After a late Saturday night out at the drive-in, Lionel and I decided to enjoy the beautiful weather on Sunday and take it easy. The idea of a late home-cooked brunch was enticing, but neither of us was up to the task of actually getting off the couch and into the kitchen.
“We could always try Bea's,” he suggested, looking up from his homemade VHS cleaning contraption.
We've been meaning to go for a while, and the idea of a Lazy Susan at our table matched our energy levels exactly. So we were off.
The outside of the restaurant isn't much to look at, but the number of cars in the parking lot made up for any lack of aesthetic. The sign proudly stated that the restaurant was established in 1950, and the staff told us that the food was all made-from-scratch, just like it was more than 65 years ago.
The menu at Bea's changes slightly each day, but many of the dishes appear consistently, such as fried chicken and BBQ pork. You pay one price ($12.50) and eat as much as you want.
The dishes keep coming. The lazy Susan keeps spinning. It gets more and more likely that you're going to have to roll yourself back to your car...
That Sunday morning, Bea's was cooking up fried chicken, hand-pulled BBQ pork, roast beef, new potatoes in white crème sauce, pinto beans, potato salad, coleslaw, yeast rolls, cornbread, and peach cobbler. Lionel was prepared to start rolling.
The after-church rush was in full swing, but we were seated immediately. Service was exceptional. Our waitress seemed to always be moving, always taking dishes away and bringing out more, quick to smile and quicker to answer questions.
The tables appeared to hold about eight people in total, and we decided before even eating that this was the sort of place we would take our families when they came to town to visit. What a fun experience, spinning the lazy Susan around, chatting as you stuffed yourselves silly! Since it was just the two of us, we ate lunch with strangers, which always makes for interesting conversation if you're in the mood.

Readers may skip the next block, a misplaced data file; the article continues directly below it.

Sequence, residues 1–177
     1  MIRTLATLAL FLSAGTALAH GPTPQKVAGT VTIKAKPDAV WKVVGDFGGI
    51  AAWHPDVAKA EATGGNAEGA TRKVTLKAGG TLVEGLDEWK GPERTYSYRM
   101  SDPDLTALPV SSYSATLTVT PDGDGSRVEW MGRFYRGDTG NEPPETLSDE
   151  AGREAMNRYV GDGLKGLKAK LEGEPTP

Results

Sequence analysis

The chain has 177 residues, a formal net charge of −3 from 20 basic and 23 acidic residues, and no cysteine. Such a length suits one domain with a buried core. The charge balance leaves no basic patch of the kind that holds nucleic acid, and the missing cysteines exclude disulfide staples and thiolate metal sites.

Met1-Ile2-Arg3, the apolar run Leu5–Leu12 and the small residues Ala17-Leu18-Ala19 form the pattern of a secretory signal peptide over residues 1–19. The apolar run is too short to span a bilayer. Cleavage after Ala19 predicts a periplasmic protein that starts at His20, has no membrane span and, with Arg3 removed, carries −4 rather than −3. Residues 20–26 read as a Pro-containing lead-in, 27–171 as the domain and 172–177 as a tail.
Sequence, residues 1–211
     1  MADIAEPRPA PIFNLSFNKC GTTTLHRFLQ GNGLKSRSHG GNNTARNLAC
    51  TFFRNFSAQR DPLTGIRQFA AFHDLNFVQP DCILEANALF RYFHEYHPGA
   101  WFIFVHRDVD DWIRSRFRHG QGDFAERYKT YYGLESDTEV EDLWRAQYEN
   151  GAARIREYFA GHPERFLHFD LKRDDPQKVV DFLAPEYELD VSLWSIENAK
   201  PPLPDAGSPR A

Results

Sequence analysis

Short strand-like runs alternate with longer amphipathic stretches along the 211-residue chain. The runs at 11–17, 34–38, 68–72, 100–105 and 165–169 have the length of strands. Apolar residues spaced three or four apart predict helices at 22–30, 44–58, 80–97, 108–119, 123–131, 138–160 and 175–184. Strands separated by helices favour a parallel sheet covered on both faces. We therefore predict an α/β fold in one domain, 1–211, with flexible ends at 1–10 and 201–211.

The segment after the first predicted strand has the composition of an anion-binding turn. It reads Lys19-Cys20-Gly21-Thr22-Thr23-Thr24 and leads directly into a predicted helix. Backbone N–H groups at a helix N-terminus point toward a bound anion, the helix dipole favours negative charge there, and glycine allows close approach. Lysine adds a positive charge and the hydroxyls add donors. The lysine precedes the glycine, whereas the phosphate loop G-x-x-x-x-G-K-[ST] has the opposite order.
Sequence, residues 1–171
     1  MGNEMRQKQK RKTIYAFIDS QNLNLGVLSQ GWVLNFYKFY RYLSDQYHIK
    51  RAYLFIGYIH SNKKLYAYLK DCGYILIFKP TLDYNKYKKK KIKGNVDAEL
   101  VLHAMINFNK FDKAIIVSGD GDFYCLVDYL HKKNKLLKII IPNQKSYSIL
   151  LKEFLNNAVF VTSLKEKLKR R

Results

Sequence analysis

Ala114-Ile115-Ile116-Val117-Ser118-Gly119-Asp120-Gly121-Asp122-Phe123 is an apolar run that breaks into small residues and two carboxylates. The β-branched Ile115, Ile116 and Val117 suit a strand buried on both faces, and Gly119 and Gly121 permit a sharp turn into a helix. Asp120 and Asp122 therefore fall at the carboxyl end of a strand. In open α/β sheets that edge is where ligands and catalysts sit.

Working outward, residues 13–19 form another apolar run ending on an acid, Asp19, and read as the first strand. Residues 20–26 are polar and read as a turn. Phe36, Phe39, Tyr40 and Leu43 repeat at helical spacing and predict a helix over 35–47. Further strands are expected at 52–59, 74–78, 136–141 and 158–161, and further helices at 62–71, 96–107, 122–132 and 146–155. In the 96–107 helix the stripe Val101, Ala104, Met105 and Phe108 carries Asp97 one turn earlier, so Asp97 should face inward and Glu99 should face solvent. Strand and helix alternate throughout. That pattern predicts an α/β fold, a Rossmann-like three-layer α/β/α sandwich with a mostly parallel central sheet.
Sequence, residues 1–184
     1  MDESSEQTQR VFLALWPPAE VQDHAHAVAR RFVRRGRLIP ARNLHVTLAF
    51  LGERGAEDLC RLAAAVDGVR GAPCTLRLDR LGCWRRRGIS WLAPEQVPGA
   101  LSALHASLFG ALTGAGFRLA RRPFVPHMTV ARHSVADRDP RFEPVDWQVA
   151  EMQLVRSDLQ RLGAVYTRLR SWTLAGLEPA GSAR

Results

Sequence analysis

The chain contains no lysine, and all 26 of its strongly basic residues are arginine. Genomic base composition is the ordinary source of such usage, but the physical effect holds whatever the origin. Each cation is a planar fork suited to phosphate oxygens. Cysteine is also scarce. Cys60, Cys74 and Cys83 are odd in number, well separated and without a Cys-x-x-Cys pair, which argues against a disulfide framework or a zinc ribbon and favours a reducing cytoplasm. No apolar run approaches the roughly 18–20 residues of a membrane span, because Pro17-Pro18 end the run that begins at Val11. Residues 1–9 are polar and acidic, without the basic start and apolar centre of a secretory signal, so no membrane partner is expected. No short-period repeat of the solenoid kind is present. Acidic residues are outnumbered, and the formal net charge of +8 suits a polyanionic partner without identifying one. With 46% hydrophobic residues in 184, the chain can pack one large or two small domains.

Lionel and I, however, were in the mood for eating.
I think it's relevant to add here that though I was born and raised in Tennessee, my family's from New England, making the home-cooking at Bea's quite different from the home-cooking I know. When I judge Southern food, there's always a part of me that wonders if I'm simply eating it with the wrong expectations.
The fairest way to put things is that the food at Bea's is simple. I'm sure they would be the first to let you know that if you're looking for something fancy, you've chosen the wrong place to eat. The pinto beans taste like pinto beans. The potatoes taste like potatoes. If you're a fan of unique seasonings and textures, this won't satisfy.
I enjoyed all of the dishes, though I found—as is common with home-cooking—sometimes one plate could vary in taste pretty drastically from the next. Everyone had raved about Bea's fried chicken, but my first piece was lukewarm and kind of dry. The next plate came out juicy and hot.
Overall, my complaints were small and picky. I'm not particularly a fan of heavy tomato-based BBQ sauce. The peach cobbler, to me, had more of a syrupy peach dumpling consistency than I prefer—I like it crusty with big, bready chunks.
Overall, it was a good time and the price was right.
Lionel, his roots firmly planted in the South, repeatedly stated that it tasted like Southern home-cooking. And I suppose that's the goal.
Location: 4500 Dodds Ave., Chattanooga, Tn. 37407
Hours: W – Sun. 11 am – 8 pm